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I'm assuming this is in reference to exoplanet K2-18b? 126.96.36.199 18:30, 13 September 2019 (UTC)
- I was thinking the same thing. Ianrbibtitlht (talk) 18:41, 13 September 2019 (UTC)
- Note that K2-18b was actually "discovered" way back in 2015 by the Kepler Space Observatory. The recent news was the detection of water vapor in the atmosphere of the planet. Ianrbibtitlht (talk) 04:36, 14 September 2019 (UTC)
I'm seeing the actual comic alt-text as "Fire is actually a potential biosignature, since it means something is filling the atmosphere with an unstable gas like oxygen. If we find a planet covered in flames, it might be an indicator that it supports lifeâ€”or used to, anyway, before the fire." Note the tab before "actually" and the odd characters after "life". But that's not what it has on this site. Is that difference intentional?188.8.131.52 19:07, 13 September 2019 (UTC)
- I've noticed a similar difference on other pages. For me, there are glitches in the title text on many XKCD pages, but here they appear as I assume they should. DanTheTransManWithoutAPlan (talk) 19:23, 13 September 2019 (UTC)
- AFAIS the XKCD-webserver claims incorrectly that the charset of the page is windows-1252. --DaB. (talk) 19:49, 13 September 2019 (UTC)
- Yes. If you change your browser's encoding to Unicode, it shows up properly -- though the tab before "actually" is still there. --Aaron of Mpls (talk) 00:24, 14 September 2019 (UTC)
A non-tidally-locked planet (like ours) needs to be firmly in a habitable zone (like ours) to allow the daily and seasonal cycles (like ours) to not send every square foot of the planet well outside any 'reasonable' range of conditions so that there's no possible adaptation possible by life (like ours).
OTOH, a tidally-locked planet probably sustains a belt of habitability upon it somewhere between the most sun-scorched face-centre and the most astronomy(-if-not-astronomer)-friendly area of the farside, and it may even let the lifeforms survive more extreme stellar 'seasons' than a swirling planet could, so long as that belt doesn't move so far as to 'lift off' either face, if there exist effective migration paths available for the mobile life and hibernation/aestivation states and hidey-holes for those that are forced/choose to be immobile.
There's the argument about a constant hurricane-force surface wind passing between hot and cold hemispheres, but that assumes a reverse upper flow in atmospheric cells (or a phase-cycle of liquid?) which would promote and reinforce elements of turbulance that might interact with 'surface' features (perhaps subsurface, in waterworld environment) to create areas that are lucuna in the chaos, 'islands' of calm.
Though with many theories of abiogenesis and evolution requiring some form of cycling conditions to filter out the unadaptable and promote the adaptable, so the actual 'interesting' zones are probably in habitable-edges surrounding the habital spots of constancy within the habitable belt upon the habitable-zone planet.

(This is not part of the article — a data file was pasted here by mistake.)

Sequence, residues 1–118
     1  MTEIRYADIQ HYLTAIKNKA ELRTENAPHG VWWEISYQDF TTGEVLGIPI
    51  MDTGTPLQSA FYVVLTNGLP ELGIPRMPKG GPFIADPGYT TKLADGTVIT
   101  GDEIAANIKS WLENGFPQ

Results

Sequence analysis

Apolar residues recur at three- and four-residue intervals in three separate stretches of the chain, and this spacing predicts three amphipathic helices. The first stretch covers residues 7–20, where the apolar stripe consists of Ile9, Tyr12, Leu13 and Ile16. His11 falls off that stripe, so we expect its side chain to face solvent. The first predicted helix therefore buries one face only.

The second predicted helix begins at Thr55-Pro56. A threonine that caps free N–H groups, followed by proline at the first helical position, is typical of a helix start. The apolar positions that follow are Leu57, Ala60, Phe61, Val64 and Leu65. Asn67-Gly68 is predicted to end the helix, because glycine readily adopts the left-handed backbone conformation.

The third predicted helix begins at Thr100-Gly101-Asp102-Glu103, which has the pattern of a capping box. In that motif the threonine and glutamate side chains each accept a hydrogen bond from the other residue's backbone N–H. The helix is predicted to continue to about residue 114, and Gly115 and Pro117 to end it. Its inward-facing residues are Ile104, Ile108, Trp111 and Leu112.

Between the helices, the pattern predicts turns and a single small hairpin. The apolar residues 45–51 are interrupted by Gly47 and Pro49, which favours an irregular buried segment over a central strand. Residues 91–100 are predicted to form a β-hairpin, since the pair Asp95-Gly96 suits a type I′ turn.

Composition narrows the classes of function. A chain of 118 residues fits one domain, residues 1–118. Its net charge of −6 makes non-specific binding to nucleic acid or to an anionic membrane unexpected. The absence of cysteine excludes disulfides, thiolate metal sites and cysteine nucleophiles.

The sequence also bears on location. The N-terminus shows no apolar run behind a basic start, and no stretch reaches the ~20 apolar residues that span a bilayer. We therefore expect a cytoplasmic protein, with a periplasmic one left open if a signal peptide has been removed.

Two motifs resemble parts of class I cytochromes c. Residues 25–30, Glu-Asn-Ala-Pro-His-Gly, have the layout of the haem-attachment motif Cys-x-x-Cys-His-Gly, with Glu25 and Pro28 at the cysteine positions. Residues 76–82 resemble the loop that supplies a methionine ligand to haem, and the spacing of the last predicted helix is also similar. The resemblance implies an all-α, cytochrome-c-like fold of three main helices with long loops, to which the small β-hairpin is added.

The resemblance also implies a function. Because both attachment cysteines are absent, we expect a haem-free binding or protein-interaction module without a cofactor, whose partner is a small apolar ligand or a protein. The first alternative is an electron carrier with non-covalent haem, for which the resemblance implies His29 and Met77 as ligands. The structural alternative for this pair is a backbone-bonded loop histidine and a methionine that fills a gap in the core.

It's a bit moot how all this would work, though, given our knowledge based upon post-facto knowledge of a sample of one life-bearing planet. Hard to know how little or much Earth is typical compared with everyone else. At least until my people come back to rescue me, when I'll have to remember to catch up on the basic classes I've obviously missed. 184.108.40.206 22:01, 13 September 2019 (UTC)
I thought "between the swinging blades" was just a metaphor - 220.127.116.11 05:41, 14 September 2019 (UTC)
- It is and should be changed in the explanation. It is all the things mentioned by Megan that are the swinging blades--Kynde (talk) 07:42, 14 September 2019 (UTC)
- But anyone who can give some examples where this sentense is used in the real world? I could not find much using google. Would like it in the explanation, better than what I have done so far. --Kynde (talk) 21:25, 14 September 2019 (UTC)
- What came to mind for me is the blade-on-a-pendulum from Poe's short story "The Pit and the Pendulum", except that there were multiple ones that a life form would have to avoid being hit by. Do a google image search on "Pit and the Pendulum" to see what I am talking about. Redbelly98 (talk) 22:30, 14 September 2019 (UTC)
- That's what came to my mind as well. Not necessarily from this short story, but just a general depiction of a hellish place with fire and deadly (torture) devices. Bischoff (talk) 07:10, 15 September 2019 (UTC)
- I was reminded of the climax of Umberto Eco's novel "Foucault's Pendulum"... considering the previous comic, Randall may have been thinking the same.18.104.22.168
- I am not sure it's a metaphor. I thought it was Randall's first (of two) instances of something too ridiculous to actually be observed, the other being the screaming. The other stuff mentioned before the blades are all plausible observations. Redbelly98 (talk) 22:30, 14 September 2019 (UTC)
- Mentions of swinging blades is just a trope of an absurd life threatening hazard. Anyway, mentions of them always remind me of this 19 year old joke article from the onion.--22.214.171.124 07:32, 15 September 2019 (UTC)
- I'm sure it is not meant as something they have detected, but the things she just mentioned are the swinging blades. She just tells the audience they found a Earth-like planet, but then she mentions four thing that doesn't look like earth, only that it is near the habitablezone and that there are water in the atmosphere. Someone put some silly video game comments in as if this was the plot and i t is not and I will revert it now. --Kynde (talk) 20:36, 15 September 2019 (UTC)
- It sounds as if this planet was badly written. These Are Not The Comments You Are Looking For (talk) 06:26, 16 September 2019 (UTC)
Interestingly, there are plants on Earth that use fire as part of their lifecycle; see Fynbos for an example. Of course, the optimal cycle there is about one big fire a decade; truly continual flames would eventually wipe out fynbos as well (but then what fuel is that fire burning? A fuel that lasts forever would revolutionise the energy industry...) - 126.96.36.199 07:35, 15 September 2019 (UTC)